03 July 2015

If you go down to the woods today, you're sure of a big surprise ....

With the winter solstice just past, the chilly grey days are getting shorter.  Imperceptibly to me, but apparently It Is So. 

Sunrise is hidden behind low mountains before us at the moment, but as soon as the Earth’s inclination shifts slightly so I can see the sunrise over the ocean, then I will know the days are getting longer.  It’s amazing to see the large arc of the sunrise over the course of a year.

I do miss the solstices in England, though, because of all the celebratory Pagan activities that accompany them.  Where are all the pagans in Australia?  Snug and warm in the beds during the winter solstice, I’m thinking.

In England, we lived for a few years at Alderley Edge.  This is a small mountain that juts out from the Cheshire plains.  It seems bigger than it is because of all the surrounding flatness. 

Alderley Edge is a beautiful spot, with big old trees and a tangle of greenery, and it’s a steep climb to get to the top.  Then you can enjoy far-reaching views over the Cheshire plains, the patchwork of fields and hedgerows that makes this part of the country so lovely.

There are a number of legends and stories associated with the Edge.  Merlin is said to have had a haunt up there.  Boy that Merlin sure got around. 

What is verifiably true is that the Romans mined for tin on Alderley Edge in around 200AD, and an Armada Beacon was positioned there in the 1500s to warn of Spanish invasion and summon help.  In more recent times, every year the winter and summer solstices are celebrated on the Edge by white witches.

Even for the winter solstice, this involves getting your kit off and dancing naked around roaring bonfires.  Not too close – you don’t want to crispyfy all that nice white English witch-skin, but not too far because even nice white English witch-skin looks unappealing covered in giant goosebumps.

So the women would go dancing and prancing about their bonfires each solstice, chanting and singing, ducking in close to get warm, veering away to avoid burned-bum-syndrome, and all in all having a jolly good time. 

It was always women who celebrated the solstices on Alderley Edge.  I don’t think for one minute it’s because all the men were too sensible – come on, who would believe that?  Maybe singing and chanting and dancing naked with a bunch of pagan women isn’t a male pagan thing.  We’ll never know.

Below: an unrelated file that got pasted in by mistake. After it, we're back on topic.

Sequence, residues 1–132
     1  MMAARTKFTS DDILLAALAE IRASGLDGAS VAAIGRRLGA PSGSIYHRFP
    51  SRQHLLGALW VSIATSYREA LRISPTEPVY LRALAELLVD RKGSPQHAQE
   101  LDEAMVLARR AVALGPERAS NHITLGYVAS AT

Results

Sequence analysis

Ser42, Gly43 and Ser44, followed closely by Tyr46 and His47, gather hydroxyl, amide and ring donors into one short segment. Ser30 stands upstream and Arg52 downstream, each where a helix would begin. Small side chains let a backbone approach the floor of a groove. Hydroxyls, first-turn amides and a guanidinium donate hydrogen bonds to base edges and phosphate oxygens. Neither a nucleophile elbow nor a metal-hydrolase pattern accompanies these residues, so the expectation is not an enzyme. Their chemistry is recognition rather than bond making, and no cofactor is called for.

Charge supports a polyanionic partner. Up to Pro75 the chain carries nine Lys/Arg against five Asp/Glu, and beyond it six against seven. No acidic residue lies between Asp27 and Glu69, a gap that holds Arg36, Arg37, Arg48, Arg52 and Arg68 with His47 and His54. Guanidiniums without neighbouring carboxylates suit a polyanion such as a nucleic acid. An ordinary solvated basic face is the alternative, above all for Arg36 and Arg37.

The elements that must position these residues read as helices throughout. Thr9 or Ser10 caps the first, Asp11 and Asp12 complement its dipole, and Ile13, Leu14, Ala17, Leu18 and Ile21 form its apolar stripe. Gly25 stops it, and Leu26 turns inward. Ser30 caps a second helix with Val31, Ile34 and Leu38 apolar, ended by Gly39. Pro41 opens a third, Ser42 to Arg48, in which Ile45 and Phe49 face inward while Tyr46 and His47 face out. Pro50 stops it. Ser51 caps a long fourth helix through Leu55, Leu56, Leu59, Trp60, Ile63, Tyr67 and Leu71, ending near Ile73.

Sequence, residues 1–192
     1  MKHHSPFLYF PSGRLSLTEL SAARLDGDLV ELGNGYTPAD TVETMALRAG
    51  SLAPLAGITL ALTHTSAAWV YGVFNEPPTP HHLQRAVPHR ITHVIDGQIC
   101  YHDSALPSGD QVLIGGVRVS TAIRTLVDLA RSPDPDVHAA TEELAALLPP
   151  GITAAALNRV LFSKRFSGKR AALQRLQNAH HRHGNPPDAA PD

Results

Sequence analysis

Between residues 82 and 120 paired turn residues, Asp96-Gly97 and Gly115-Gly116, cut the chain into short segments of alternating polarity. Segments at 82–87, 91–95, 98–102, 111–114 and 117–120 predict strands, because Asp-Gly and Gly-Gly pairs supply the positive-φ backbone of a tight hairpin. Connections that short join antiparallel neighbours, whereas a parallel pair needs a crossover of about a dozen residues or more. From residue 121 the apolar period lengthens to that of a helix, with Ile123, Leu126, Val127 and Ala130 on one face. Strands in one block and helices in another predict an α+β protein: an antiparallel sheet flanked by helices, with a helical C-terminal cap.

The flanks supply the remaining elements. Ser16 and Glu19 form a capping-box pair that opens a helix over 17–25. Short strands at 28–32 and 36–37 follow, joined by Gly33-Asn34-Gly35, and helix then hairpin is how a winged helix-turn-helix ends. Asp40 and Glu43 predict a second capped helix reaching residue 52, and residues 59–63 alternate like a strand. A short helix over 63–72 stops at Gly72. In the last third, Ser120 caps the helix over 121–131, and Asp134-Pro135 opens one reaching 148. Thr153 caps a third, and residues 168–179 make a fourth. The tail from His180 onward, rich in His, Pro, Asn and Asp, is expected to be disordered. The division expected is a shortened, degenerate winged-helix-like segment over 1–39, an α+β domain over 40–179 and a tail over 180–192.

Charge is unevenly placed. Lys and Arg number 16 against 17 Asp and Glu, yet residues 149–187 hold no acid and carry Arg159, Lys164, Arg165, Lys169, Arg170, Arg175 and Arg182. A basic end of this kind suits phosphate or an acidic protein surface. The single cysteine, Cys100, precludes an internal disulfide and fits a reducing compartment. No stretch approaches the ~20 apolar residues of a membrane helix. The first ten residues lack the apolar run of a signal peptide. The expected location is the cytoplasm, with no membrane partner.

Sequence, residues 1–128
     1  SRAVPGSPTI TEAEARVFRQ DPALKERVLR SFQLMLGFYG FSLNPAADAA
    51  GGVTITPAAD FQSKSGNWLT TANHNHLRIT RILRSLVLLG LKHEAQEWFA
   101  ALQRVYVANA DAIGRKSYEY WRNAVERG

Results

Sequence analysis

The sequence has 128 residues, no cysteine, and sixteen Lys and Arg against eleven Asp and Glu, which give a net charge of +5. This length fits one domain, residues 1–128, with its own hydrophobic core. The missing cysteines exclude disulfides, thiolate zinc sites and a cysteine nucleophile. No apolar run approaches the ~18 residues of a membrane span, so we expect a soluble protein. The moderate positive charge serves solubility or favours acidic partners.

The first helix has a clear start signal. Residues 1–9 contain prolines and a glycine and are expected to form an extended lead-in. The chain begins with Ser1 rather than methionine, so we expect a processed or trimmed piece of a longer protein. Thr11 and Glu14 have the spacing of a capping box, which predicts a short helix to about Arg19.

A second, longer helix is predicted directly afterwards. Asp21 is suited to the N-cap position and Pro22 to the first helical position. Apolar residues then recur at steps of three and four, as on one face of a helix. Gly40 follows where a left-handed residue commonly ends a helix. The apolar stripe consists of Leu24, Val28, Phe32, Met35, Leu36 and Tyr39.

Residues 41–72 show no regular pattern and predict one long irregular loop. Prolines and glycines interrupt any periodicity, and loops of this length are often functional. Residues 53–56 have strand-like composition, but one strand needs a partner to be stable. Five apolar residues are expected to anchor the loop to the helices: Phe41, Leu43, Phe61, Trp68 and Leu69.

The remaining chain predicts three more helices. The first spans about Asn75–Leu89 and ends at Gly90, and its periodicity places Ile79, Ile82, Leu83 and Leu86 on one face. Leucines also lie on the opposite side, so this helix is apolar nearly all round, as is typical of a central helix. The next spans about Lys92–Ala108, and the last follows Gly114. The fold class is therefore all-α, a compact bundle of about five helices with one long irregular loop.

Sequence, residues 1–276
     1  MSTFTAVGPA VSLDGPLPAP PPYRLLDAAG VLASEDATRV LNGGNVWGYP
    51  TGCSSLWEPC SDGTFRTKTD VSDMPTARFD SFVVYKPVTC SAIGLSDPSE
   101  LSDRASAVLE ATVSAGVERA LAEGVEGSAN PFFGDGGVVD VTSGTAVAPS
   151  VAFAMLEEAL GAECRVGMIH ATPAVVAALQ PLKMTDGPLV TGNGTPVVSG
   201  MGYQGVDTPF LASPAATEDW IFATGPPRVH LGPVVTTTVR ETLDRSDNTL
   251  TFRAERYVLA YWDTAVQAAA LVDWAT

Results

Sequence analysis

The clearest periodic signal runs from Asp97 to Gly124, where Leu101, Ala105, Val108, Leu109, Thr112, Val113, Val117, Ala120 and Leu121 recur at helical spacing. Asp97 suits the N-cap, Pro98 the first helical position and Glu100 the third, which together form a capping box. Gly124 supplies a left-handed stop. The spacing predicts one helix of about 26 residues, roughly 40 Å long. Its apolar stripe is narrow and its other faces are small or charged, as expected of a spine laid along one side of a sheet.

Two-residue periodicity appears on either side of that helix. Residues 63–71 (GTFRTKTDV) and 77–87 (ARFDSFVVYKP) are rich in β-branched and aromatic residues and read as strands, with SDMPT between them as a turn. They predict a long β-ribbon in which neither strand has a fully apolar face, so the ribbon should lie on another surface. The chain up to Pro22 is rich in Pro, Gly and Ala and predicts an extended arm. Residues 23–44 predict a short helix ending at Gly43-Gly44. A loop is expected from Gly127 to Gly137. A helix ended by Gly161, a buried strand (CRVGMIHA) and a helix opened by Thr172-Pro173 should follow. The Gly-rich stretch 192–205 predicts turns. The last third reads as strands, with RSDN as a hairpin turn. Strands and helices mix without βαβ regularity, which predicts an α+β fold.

What we do know is that everyone else wanted to join in.  I mean everyone.  Thousands of people. 

Though, when I say “join in”, I mean they wanted to come and watch the naked, dancing, slightly crispyfied women.

So anyway, thousands of spectators would turn up to Alderley Edge in the middle of the night, every solstice.  It got to the point that the Police cordoned off the entire region every time and you had to prove you lived there in order to drive to your house.  Everyone else – outsiders - had to walk a fair distance, and that was before the steep climb to the top.  The Police hoped that would put people off, and maybe it did, but you wouldn’t know it.

Complaints were made some years by spectators about the late hour of the celebration and requests were made to bring it forward to an earlier hour.  Hello?  Ever heard of the Witching Hour?  Dancing naked in celebration of anything pagan has to happen at midnight, not before your 7.30pm bedtime.  It’s the rule.

The solstice celebrations had to stop for a few years because of stupid spectators, stumbling around in the dark and falling down Roman tin mines, but I hope they’re back in all their chilly glory.

In the meantime, there are plenty of good sized mountains in this neck of the woods.  Pagan solstice ceremonies, anyone?  No namby-pamby spectators allowed.

PS.  Have you guessed that this episode’s pictures relate somehow to pagan or naked or strong women?  Yes, there was a theme, numpties.

PPS.  Peregian Beach Market is this coming Sunday, 5 July.  Should be a lovely day at the beach, so hopefully see you there.